Using a new technique called next generation deep sequencing and sophisticated computer analytics the team, led by Professor Andrew Lloyd, were able to identify the 'founder' virus responsible for the initial infection and then track changes within the virus as it was targeted by the immune system.
"We discovered that hepatitis C has not one but two 'Achilles' heels' that provide opportunities for vaccine development," said Doctor Fabio Luciani, from UNSW's Inflammation and Infection Research Centre.
"If we can help the immune system to attack the virus at these weak points early on, then we could eliminate the infection in the body completely," he said.
Hepatitis C virus infection is a global pandemic with more than 120 million people infected worldwide, including some 200,000 Australians. The virus causes progressive liver disease leading to cirrhosis, liver failure and cancer. Current antiviral treatments are arduous, costly, and only partially effective.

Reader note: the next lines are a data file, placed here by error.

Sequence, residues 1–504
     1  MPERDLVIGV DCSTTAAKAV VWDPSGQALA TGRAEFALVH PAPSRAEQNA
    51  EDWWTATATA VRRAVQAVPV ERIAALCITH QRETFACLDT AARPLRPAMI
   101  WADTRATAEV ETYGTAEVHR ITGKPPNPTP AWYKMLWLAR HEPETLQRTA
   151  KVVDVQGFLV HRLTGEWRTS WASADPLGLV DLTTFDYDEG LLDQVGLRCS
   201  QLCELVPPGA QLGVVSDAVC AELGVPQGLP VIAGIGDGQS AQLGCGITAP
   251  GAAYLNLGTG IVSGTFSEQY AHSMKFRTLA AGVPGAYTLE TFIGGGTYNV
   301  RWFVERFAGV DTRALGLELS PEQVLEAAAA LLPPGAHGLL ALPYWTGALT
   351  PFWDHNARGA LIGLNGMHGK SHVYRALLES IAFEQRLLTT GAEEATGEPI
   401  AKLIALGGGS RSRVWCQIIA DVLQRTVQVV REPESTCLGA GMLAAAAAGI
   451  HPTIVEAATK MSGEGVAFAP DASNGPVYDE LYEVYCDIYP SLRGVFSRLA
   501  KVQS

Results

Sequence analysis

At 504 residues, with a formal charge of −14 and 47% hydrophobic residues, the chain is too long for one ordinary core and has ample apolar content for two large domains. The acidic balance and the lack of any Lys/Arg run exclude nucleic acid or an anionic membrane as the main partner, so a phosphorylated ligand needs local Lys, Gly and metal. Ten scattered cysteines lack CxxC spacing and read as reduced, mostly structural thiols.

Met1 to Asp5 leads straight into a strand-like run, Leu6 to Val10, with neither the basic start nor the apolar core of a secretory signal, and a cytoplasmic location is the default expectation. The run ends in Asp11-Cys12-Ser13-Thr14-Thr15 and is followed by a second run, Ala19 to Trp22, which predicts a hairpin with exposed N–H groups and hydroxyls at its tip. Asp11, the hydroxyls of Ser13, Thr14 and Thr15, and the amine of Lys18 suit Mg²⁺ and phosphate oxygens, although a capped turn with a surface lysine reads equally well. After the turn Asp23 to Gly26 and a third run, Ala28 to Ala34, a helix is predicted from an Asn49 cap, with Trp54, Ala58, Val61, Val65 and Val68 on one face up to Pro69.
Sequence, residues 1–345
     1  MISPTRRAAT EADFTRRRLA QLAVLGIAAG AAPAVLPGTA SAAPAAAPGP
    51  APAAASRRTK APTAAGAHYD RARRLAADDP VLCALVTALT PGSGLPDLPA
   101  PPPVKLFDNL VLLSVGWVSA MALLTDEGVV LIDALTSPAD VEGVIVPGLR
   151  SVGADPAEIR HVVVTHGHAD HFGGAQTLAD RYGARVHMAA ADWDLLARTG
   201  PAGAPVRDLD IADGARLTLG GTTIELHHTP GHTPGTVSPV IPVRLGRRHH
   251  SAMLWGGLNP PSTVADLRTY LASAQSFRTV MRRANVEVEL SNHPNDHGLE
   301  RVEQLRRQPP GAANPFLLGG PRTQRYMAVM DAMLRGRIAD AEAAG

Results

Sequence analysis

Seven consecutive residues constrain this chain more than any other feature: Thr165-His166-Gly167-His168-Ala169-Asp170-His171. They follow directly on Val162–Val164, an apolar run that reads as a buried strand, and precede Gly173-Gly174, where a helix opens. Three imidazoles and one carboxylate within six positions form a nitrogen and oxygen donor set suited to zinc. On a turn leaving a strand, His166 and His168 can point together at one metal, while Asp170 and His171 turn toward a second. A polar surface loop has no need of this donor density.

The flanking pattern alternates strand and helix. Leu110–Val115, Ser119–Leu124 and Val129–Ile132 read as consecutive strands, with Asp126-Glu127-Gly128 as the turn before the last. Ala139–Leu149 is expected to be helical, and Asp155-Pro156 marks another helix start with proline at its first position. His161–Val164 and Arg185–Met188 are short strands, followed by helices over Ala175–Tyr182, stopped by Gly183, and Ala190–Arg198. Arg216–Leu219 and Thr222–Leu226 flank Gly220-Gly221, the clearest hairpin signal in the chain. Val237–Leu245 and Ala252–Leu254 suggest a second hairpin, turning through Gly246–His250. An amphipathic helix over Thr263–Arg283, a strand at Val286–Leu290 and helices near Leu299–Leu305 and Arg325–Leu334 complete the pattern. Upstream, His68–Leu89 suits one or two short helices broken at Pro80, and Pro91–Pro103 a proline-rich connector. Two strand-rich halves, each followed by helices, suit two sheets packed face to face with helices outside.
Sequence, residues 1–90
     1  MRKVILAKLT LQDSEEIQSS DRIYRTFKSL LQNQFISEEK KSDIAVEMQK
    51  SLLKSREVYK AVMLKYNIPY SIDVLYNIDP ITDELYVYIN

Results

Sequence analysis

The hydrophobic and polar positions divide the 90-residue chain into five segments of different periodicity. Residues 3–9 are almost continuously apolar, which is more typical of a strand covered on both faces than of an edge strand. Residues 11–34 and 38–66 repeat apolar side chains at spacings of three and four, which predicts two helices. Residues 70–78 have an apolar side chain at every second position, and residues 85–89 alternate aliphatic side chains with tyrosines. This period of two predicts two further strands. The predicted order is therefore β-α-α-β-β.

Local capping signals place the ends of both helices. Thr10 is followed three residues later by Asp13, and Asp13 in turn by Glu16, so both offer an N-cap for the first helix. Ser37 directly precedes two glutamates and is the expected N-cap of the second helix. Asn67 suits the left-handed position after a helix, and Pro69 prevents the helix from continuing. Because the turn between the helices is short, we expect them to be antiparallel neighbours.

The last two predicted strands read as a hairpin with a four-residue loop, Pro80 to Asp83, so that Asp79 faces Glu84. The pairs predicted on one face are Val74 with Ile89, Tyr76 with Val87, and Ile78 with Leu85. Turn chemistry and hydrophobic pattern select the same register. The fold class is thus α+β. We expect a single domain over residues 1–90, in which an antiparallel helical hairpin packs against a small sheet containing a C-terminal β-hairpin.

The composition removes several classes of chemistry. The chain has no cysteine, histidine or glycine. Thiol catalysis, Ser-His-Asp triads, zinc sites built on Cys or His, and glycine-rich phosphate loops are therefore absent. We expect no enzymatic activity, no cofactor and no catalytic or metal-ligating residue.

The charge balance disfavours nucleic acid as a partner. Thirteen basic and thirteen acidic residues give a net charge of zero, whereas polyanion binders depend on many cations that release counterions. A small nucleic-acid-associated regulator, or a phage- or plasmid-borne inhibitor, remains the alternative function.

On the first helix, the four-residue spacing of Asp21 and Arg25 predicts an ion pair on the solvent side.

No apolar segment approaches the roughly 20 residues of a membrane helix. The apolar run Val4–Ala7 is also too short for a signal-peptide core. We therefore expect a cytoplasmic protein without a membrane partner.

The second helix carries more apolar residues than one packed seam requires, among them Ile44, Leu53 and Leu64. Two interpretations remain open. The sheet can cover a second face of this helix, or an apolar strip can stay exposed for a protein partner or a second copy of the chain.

Lloyd said the discoveries were significant because of their potential to overcome longstanding barriers to hepatitis C vaccine development.
"To date hepatitis C has been difficult to target with single interventions because there are many different strains of the virus," he said. "In addition, like HIV, the hepatitis C virus mutates very rapidly and exists as a complex family of mutated viruses within every infected individual, meaning the virus can avoid efforts by the immune system to keep it under control," Lloyd said.
MEDICA.de; Source: University of New South Wales, Australia